The android made a loud screeching sound as the vocal replicator was installed in her expansion bay, located in the back of her neck. Sitting in her office chair, Janet turned the android around.
“Well? How is the voicebox working?” Janet asked.
The android blinked, and spoke.
“L’expansion a été installé correctement.” said the android.
Janet turned the android around.
“Whoops. Wrong dip switch configuration…” Janet said.
Janet took out the vocal replicator and turned to her documentation, a portrait-style CRT monitor with a rainbow-colored Apple logo in the left corner of the monitor bezel. She double-checked the dip switch on the small circuit board that made up most of the vocal replicator part, made the necessary adjustments, and loaded it back into the android.
After another round of screeching, the android spoke.
“It seems the chip is working properly.” the android said.
“Good. That solves that.” Janet said.
“I appreciate the work you have done, Ms. Blue.” the android said.
“Think nothing of it. I’m kind of amazed that you were even put into production.” Janet said.
“What do you mean?” the android asked.
Janet showed the android a newspaper article on the same table as the monitor with the documentation.
“I saw you – well, your model, at a consumer electronics show last fall.”
The newspaper article showed a trade show floor, with five androids, identical in appearance to the android in Janet’s apartment.
“Those are… Those androids in that photo… Are me.”
“Sort of. Most likely they were un-functional prototypes.”
“That picture is… hard to comprehend..”
“It’s fascinating that you don’t… well, that you don’t really talk like a robot.”
“That is because I am not, strictly speaking, a robot in the science-fiction sense.”
Janet looked at the android.
“No… No you aren’t.” Janet said.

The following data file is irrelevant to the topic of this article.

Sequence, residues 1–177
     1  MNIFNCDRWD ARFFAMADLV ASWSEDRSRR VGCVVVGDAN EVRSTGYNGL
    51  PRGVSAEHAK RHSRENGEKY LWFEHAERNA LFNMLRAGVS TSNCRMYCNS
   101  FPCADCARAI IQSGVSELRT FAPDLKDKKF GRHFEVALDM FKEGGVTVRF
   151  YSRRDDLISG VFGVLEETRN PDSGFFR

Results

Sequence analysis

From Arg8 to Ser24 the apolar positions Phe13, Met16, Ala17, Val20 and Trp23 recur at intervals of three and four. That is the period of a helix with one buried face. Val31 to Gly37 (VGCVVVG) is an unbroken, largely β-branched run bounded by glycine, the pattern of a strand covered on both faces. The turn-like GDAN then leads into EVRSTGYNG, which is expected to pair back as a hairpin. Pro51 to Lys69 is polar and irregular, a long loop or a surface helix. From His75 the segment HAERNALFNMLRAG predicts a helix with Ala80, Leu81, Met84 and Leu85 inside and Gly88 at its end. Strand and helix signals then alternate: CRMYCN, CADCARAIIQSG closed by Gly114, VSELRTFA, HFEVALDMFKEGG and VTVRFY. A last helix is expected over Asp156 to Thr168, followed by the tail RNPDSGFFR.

Janet got up off of her office chair and headed to her bedroom. The android stayed in place where she was.
“I just did my laundry. I think I have some spare clothes you can wear. It’s infinitely better than the dress…” Janet yelled from across the apartment.
When she came back, Janet handed the android a grey athletic t-shirt, a pair of dark blue jeans, and a pair of black Converse high-tops.
“Here. Put these on.”
“The dress isn’t subtle, I assume.”
“About as subtle as a fireworks display.”
After putting the clothing on, the android stood in the same spot she was in before.
“You can move around, you know.” Janet said.
“I didn’t want to interfere with anything.” the android said.
“Any other person would find it hard to stand that still for that long.”
“I don’t get tired in the traditional sense.”
“What about battery power?”
“According to the documentation, I run on a solar fuel cell.”
“That doesn’t sound remotely plausible.”
“Perhaps that is because I was created by Arcast Technologies in their experimental wing.”
“Alright, fair enough.”
Janet checked the monitor with the android’s documentation for a minute and promptly shut off the monitor.
“What do you remember before being in that bar?” Janet asked.
“Nothing. I was activated by the bar owner.” the android said.
“But… You know where you were made.”
“It is in my documentation, and I was programmed to know this.”
“That’s so… Well, that’s amazing.”
Janet looked at the android, who continued to stand in the same place.
“Before I got the vocal part installed, you wrote that you left the bar because of mistreatment by the owner. That’s fascinating. Seems like you have some degree of free will.” Janet said.
“Perhaps.” the android said.
“And yet you don’t even have a name of your own.” Janet said.
“I am an Arcast Technologies Model-1 Android Unit.” the android said
“Yes, I know that. But you don’t have a name.” Janet said.
“I do not, no.” the android said.
Janet reached into her pocket and took out her wallet. Inside, next to her ID was a picture of Janet kissing her boyfriend.
“See, my name is Janet Blue. I was born in Boulder, Colorado, but I moved to Chicago to work. My boyfriend calls me by a nickname: “Tron”, because I have seen that movie more times than I can count. It’s what made me into a programmer, and, during part of college and grad school, an engineer. That is who I am.”
Janet put away her wallet as the android spoke:
“How do you choose a name?” the android asked.
“Well, anything, really.” Janet said.
The android broke from her standing position to turn around to face the windows of Janet’s apartment. Outside, ads and billboards dotted the skyline.
“I think I’ve decided.” the android said.
“That quickly?” Janet asked.
“Yes.” the android said.
“Great! Let’s hear it!” Janet said.
The android walked slowly to the slightly-open window directly in front of her, and spoke clearly.